James W. Rowh, for instance, who owns an organic farm and natural foods store not far from the Wegeners in Norton, Kan., is wary that the Internet will lure his customers away. "You can find pretty deep discounts online," he said. "There are only 3,000 people in this town. When you start losing people to the Internet, it's going to have an effect on your bottom line."
Even the small companies that have been awarded the grants and loans to extend the broadband fiber lines and build the microwave towers are aware that once they do all the work and sign up the customers, the big carriers may move in with lower rates and lure their business away.
"Typically, when we go into a town, competition will come on our heels," said H. Rusty Irvin, the chief executive of StratusWave Communications, a small carrier in Wheeling, W.Va. "The Verizons and Comcasts may target that area for deployment."
The company won a $1.5 million loan and a $1.4 million grant to provide wireless service to three West Virginia counties in rural Appalachia.
Bjorn Jones, a librarian in Salinas, Calif., an hour south of Silicon Valley, said that while the Web offered access to a seemingly limitless array of educational resources, it was also a source of mindless entertainment. "If broadband is contextualized within a library, then you are creating learning opportunities," he said. "Without a plan, it's going to be just kids watching YouTube."
The greater Salinas Valley, whose residents are mainly Hispanic immigrant farm workers, has limited high-speed Internet access mainly because of the expense of laying fiber optic lines. The surrounding mountains and beach make extending lines especially challenging for neighboring Santa Cruz County. Officials said they realized the need for additional fiber lines in April 2009 when the entire county, including its emergency services, lost the Internet for 21 hours after vandals cut cables miles away.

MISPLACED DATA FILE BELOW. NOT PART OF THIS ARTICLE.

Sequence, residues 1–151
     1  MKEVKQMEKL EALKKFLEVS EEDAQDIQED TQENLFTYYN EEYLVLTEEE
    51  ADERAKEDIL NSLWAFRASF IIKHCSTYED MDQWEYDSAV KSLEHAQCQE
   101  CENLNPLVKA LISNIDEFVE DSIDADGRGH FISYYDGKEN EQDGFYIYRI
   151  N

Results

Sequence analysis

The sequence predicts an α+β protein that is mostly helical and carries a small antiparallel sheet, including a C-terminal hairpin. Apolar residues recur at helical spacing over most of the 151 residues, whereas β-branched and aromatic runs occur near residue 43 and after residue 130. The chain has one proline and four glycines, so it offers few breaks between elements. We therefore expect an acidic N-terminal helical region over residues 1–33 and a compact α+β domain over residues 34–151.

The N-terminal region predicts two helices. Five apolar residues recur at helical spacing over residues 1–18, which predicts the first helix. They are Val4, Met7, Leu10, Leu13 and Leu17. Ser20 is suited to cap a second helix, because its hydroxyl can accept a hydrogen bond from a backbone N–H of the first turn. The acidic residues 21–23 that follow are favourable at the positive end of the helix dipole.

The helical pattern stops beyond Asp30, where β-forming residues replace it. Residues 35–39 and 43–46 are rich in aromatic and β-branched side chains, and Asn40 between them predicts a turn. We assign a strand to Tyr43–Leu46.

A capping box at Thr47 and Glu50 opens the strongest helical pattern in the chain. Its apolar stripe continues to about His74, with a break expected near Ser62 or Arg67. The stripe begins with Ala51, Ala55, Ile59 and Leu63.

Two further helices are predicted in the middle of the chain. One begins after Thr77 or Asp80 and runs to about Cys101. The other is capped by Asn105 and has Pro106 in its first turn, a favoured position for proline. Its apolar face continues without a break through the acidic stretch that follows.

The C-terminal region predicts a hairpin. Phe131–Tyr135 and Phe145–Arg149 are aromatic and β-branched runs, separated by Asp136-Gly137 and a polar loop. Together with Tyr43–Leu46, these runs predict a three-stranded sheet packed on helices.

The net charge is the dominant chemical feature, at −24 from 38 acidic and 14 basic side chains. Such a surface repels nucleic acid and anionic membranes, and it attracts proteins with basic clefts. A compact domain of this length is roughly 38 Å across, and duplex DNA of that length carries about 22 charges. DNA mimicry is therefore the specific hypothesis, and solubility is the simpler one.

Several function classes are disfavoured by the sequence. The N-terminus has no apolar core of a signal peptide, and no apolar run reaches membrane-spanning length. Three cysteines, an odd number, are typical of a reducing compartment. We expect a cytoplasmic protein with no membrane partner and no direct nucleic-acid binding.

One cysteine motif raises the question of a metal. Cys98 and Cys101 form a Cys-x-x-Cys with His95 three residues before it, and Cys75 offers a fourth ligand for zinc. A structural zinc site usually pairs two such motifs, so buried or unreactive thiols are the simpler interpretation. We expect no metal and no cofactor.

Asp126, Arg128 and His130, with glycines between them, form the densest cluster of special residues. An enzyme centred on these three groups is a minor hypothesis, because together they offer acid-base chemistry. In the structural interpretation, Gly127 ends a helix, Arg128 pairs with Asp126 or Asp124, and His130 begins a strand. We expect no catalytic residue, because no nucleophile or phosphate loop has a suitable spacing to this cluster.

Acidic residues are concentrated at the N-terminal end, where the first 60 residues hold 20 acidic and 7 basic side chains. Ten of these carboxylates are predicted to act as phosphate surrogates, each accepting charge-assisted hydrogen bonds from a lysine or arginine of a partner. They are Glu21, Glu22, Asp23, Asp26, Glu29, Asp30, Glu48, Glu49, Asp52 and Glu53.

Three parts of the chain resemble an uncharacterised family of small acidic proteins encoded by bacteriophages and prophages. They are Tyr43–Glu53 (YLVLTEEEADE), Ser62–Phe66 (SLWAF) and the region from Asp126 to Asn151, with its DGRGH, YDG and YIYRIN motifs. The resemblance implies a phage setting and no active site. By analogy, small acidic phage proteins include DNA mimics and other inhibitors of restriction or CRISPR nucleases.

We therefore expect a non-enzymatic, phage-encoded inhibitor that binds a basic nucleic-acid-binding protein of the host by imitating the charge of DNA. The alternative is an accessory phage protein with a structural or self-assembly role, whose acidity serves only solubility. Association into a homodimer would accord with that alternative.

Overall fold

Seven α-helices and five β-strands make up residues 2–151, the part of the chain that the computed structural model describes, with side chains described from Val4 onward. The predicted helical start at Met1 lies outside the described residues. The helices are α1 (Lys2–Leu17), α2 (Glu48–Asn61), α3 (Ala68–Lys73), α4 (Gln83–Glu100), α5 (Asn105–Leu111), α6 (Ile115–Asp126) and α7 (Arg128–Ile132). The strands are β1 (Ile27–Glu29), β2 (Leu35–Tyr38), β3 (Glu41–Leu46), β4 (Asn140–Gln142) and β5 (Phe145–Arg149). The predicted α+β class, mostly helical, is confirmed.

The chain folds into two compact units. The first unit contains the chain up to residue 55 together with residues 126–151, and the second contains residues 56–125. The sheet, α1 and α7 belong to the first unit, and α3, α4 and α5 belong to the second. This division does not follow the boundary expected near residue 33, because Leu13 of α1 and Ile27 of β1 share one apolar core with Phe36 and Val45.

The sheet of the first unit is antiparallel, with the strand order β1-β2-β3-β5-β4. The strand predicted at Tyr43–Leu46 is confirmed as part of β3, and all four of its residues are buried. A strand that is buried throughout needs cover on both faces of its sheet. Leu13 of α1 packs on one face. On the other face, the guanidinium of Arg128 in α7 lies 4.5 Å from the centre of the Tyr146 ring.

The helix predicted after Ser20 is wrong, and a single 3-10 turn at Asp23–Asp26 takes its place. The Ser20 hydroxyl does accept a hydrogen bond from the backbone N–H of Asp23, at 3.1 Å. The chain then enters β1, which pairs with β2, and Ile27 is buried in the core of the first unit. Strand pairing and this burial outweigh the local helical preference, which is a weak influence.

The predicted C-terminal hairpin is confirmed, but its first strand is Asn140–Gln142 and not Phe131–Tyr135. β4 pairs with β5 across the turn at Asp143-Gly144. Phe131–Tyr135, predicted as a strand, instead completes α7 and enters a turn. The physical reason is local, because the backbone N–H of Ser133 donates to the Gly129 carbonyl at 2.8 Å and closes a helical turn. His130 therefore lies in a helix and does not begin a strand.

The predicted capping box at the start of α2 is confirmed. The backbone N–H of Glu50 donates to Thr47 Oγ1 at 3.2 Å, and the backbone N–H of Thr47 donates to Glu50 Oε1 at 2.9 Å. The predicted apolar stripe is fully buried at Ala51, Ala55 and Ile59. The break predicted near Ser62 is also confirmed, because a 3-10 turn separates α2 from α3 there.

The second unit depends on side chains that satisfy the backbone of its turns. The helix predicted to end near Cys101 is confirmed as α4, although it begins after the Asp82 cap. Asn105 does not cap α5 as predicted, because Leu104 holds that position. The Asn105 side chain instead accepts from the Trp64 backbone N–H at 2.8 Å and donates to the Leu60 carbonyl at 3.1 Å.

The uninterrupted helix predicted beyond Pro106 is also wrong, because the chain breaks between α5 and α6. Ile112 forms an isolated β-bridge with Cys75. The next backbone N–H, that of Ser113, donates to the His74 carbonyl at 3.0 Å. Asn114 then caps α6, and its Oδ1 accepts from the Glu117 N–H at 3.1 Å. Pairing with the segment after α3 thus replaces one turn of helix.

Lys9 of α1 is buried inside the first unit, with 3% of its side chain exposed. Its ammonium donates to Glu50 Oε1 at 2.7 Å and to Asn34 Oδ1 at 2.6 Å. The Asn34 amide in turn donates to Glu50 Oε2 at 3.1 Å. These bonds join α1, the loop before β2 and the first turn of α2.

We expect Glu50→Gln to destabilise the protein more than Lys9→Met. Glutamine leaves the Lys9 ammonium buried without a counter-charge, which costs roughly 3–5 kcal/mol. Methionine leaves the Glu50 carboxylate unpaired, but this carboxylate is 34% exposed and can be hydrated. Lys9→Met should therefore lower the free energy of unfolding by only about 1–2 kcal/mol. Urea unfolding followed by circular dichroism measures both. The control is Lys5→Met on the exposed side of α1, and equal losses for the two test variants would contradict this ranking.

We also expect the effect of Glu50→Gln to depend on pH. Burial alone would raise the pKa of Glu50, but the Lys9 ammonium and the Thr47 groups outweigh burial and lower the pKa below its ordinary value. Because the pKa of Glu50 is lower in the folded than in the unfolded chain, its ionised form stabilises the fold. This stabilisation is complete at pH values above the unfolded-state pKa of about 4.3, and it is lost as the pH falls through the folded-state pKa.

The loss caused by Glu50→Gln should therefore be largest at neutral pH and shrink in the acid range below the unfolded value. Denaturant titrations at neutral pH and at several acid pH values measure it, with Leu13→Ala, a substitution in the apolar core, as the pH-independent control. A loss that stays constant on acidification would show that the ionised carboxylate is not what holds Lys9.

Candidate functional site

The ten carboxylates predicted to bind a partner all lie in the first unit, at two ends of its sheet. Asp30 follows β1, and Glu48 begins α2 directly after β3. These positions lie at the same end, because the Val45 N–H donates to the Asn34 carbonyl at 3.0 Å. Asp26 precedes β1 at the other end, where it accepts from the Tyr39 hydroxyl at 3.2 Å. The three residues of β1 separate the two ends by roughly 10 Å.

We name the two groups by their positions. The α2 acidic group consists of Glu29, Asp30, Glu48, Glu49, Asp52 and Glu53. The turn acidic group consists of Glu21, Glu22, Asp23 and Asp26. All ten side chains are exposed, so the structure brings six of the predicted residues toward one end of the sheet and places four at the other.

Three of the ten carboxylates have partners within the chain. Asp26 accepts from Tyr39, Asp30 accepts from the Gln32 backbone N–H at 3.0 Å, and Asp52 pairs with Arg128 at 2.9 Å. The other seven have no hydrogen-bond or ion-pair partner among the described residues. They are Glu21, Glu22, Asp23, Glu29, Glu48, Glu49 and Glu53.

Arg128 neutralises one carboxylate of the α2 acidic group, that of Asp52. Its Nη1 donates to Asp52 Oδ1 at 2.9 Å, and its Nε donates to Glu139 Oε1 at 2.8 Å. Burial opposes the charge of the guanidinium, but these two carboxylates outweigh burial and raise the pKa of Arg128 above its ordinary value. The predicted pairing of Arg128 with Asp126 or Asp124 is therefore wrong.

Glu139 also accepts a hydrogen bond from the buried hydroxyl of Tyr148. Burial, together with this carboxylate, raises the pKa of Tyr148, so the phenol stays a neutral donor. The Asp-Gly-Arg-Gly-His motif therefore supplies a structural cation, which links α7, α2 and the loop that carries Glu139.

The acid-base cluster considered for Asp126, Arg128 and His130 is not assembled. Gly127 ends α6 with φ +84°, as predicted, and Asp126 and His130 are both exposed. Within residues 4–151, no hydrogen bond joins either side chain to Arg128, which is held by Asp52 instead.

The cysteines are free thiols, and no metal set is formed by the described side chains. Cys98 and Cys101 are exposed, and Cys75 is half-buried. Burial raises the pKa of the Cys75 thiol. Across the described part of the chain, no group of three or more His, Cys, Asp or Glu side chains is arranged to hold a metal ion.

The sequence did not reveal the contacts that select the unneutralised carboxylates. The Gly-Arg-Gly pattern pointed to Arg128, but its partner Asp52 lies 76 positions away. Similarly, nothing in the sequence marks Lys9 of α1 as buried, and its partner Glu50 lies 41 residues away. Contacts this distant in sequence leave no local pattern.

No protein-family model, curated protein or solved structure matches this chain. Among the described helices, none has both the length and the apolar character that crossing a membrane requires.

The joint application with Santa Cruz County, Monterey County and San Benito County to extend access was rejected by the Commerce Department in the first round and officials are awaiting word on the second round. (The rejection was not all that unusual; the department received 1,885 applications in the first round and awarded only 82 grants.)
While the stimulus program will reach hundreds of rural areas in all 50 states, there are people like R. Mark Fair, who lives in Leicester, N.C., in the mountains northwest of Asheville, who will not be helped. Mr. Fair and his neighbors have been trying unsuccessfully since 2006 to persuade AT&T to replace their dial-up service.
"I go online every day for e-mail," said Mr. Fair, an electrical engineer. "I can generally get around those O.K., but when it comes to online meetings and file transfers, it's really frustrating."
In Elon, N.C., Chad Sowers said he had exhausted his options for a reliable and fast connection, even offering to pay $2,000 toward that goal. He works in information technology, and he and his wife, a registered nurse, both need high-speed Internet for continuing education, he said. They also want their children, 9 and 12, to have access for their schoolwork. "Broadband is no longer a luxury," Mr. Sowers said.
In a statement, Clifton Metcalf Jr., an AT&T spokesman, said, "We've taken efforts to still deliver the benefits of broadband to these customer locations, such as through our satellite-based broadband service, which reaches the vast majority of rural markets in our 22 states."
Since many of the new broadband recipients live in isolated, rural areas or are poor, the F.C.C. is proposing that money from its Universal Service Fund, which subsidizes telephone services for high-cost areas, low-income consumers, schools, libraries and rural health care providers, be expanded to broadband services. The fund receives its money from a monthly fee of about $2.78 a household -- the fee is part of the telephone bill -- and is expected to disburse $8.7 billion this year.
"The biggest challenge is converting a fund that's been focused for a very long time on telephones to one focused on broadband communications as quickly and as efficiently as possible to make sure we can extend broadband to rural America," Mr. Genachowski of the F.C.C. said.
Alaska is the largest recipient of rural health care Universal Service Fund subsidies, and the Yukon-Kuskokwim Health Corporation is the largest recipient in the state, with $1.5 million in 2008.
Mr. Hodges, of the health corporation, said many of the 48 villages it served did not have running water or roads between villages because they were on unstable tundra. "We can't put in telephone lines," he said, "and there are environmental issues because you don't want to damage the tundra."
Mr. Hodges said his network of telepsychiatry through microwave and satellite would expand with the federal funds. The health corporation, which has a dearth of health professionals, offers behavior health services from psychiatrists in Minnesota, Seattle and Anchorage, he said.